Dietary exposures and allergy prevention in high-risk infants: a joint position statement of the Canadian Society of Allergy and Clinical Immunology and the Canadian Paediatric Society

There is no evidence that delaying the introduction of any specific food beyond six months of age helps to prevent allergy, and the protective effect of early introduction of potentially allergenic foods (at four to six months) remains under investigation.
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References

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Dietary prevention of allergic diseases in infants and small children

  • A. MuraroS. Dreborg R. Zeiger
  • Medicine
    Pediatric allergy and immunology : official publication of the European Society of Pediatric Allergy and Immunology
  • 2004
The results of the analysis indicate that breastfeeding is highly recommended for all infants irrespective of atopic heredity, and a dietary regimen is unequivocally effective in the prevention of allergic diseases in high‐risk children.

Dietary prevention of allergic diseases in infants and small children.

  • A. MuraroS. Dreborg R. Zeiger
  • Medicine
    Pediatric allergy and immunology : official publication of the European Society of Pediatric Allergy and Immunology
  • 2004
A group of experts of the Section of Pediatrics EAACI critically reviewed the existing literature on the subject and found best evidence of recommendations are those fulfilling the criteria for statements category 1 and 2 and grade of recommendations A and B as proposed by WHO.

Dietary prevention of allergic diseases in infants and small children

  • A. MuraroS. Dreborg R. Zeiger
  • Medicine
    Pediatric allergy and immunology : official publication of the European Society of Pediatric Allergy and Immunology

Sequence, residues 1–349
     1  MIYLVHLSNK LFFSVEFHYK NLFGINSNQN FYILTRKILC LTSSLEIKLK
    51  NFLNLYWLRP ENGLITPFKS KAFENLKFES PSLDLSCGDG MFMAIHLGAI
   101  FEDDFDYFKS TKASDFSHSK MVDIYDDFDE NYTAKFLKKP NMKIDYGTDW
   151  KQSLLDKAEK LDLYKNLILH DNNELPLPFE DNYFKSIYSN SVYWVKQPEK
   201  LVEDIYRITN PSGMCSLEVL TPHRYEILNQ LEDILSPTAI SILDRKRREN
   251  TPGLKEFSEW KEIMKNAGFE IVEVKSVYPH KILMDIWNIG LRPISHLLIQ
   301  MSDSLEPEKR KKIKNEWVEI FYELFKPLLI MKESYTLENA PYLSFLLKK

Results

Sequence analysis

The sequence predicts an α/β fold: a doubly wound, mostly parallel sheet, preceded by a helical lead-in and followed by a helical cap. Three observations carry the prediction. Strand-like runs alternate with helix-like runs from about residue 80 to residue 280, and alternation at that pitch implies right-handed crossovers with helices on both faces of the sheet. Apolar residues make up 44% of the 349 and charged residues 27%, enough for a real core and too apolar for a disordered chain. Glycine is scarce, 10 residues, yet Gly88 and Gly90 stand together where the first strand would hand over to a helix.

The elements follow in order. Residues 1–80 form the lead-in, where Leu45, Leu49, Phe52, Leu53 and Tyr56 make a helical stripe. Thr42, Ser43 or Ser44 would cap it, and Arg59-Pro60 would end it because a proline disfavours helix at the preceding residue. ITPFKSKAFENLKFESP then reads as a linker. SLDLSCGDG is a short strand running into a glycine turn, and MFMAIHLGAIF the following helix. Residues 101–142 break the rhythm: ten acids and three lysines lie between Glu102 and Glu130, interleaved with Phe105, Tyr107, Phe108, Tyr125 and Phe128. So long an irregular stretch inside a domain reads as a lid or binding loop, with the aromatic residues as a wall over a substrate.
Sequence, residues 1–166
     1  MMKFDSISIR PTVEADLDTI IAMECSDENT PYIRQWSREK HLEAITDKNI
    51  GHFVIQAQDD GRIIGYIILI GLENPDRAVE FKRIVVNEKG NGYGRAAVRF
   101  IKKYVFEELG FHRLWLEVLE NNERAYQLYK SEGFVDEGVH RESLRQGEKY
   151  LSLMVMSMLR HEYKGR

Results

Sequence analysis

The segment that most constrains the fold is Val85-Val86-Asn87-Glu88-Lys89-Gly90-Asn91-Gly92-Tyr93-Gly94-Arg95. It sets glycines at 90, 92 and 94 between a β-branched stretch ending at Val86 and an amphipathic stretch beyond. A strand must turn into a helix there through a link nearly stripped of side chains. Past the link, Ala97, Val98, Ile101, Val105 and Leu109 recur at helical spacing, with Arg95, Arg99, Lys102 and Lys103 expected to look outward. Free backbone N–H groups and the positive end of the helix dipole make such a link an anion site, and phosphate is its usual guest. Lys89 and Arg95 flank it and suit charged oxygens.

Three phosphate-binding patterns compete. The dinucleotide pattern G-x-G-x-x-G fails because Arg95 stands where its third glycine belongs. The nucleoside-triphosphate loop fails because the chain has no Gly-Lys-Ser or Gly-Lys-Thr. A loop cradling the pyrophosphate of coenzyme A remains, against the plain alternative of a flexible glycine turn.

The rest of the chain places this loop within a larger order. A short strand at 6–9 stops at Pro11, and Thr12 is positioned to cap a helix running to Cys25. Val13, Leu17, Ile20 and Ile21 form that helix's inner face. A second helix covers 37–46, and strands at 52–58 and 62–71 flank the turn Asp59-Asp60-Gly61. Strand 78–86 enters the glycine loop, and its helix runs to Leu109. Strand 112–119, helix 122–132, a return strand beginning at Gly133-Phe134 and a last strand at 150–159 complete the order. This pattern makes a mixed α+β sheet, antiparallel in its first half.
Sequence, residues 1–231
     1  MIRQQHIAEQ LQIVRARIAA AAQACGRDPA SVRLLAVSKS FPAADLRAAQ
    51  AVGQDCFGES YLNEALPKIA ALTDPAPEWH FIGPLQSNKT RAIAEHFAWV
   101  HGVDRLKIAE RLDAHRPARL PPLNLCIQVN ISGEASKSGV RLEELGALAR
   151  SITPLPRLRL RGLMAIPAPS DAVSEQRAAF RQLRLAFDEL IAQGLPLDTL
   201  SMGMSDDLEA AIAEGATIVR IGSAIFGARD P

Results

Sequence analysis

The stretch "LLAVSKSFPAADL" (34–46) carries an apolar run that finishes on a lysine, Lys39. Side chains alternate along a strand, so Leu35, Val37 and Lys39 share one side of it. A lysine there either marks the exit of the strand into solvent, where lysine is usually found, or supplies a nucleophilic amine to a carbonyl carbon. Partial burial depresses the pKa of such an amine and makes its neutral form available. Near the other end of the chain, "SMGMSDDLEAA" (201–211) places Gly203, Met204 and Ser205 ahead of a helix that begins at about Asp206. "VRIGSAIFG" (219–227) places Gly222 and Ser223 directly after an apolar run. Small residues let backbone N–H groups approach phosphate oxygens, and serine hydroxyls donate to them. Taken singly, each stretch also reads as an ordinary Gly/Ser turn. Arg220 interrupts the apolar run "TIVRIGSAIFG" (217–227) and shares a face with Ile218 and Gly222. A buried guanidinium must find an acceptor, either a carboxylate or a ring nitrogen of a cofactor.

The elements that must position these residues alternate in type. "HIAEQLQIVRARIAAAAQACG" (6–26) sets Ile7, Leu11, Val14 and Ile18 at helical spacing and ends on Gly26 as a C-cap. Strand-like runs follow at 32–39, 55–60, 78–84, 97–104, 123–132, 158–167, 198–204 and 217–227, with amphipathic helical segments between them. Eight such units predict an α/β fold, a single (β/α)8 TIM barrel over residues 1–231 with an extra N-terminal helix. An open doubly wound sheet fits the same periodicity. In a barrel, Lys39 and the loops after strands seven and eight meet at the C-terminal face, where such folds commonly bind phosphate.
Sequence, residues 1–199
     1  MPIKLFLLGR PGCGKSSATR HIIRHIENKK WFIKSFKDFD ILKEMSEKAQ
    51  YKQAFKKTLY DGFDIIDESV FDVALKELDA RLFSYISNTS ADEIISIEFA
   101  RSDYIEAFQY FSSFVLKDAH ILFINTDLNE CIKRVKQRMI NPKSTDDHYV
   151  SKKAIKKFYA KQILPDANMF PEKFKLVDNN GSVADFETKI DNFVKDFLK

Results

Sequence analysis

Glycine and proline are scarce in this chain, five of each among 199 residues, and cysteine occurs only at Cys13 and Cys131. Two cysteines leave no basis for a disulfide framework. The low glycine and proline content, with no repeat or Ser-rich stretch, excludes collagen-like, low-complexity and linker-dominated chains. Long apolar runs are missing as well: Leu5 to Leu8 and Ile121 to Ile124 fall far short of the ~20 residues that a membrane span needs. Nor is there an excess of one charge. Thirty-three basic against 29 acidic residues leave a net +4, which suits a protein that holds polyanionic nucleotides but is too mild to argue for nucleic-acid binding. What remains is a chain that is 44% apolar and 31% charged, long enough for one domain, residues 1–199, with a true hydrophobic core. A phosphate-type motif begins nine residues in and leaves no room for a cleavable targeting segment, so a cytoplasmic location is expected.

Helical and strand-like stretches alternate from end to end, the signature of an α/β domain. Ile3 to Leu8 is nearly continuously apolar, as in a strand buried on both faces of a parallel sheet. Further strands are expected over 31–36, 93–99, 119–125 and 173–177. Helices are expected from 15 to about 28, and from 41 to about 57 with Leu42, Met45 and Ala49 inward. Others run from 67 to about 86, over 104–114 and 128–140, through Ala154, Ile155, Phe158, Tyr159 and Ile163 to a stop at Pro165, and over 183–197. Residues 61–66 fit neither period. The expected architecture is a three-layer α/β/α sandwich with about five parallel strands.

• 2004
The immunology of the fetus and newborn is reviewed as well as the post‐natal development of the immune system, and the influence of post-natal environment and breastfeeding on tolerance induction and sensitization are examined.

Does breastfeeding protect against allergic rhinitis during childhood? A meta‐analysis of prospective studies

A systematic review was conducted of prospective studies that evaluated the association between exclusive breastfeeding during the first 3 mo after birth and allergic rhinitis, and the summary odds ratio for the protective effect of breastfeeding was 0.74.

Allergy prevention by maternal elimination diet during late pregnancy--a 5-year follow-up of a randomized study.

Breast-feeding and the onset of atopic dermatitis in childhood: a systematic review and meta-analysis of prospective studies.

Exclusive breast-feeding during the first 3 months of life is associated with lower incidence rates of atopic dermatitis during childhood in children with a family history of atopy, and this effect is lessened in the general population and negligible in children without first-order atopic relatives.

Dietary products used in infants for treatment and prevention of food allergy.

Commenting on the current developments and unresolved issues in the dietary treatment and prevention of food allergy in infancy to help inform paediatricians and other health care professionals, as well as manufacturers of infant foods.

Breast-feeding and the risk of bronchial asthma in childhood: a systematic review with meta-analysis of prospective studies.

BACKGROUND The protective effect of breast-feeding on the development of childhood asthma remains a matter of controversy. We conducted a systematic review of prospective studies that evaluated the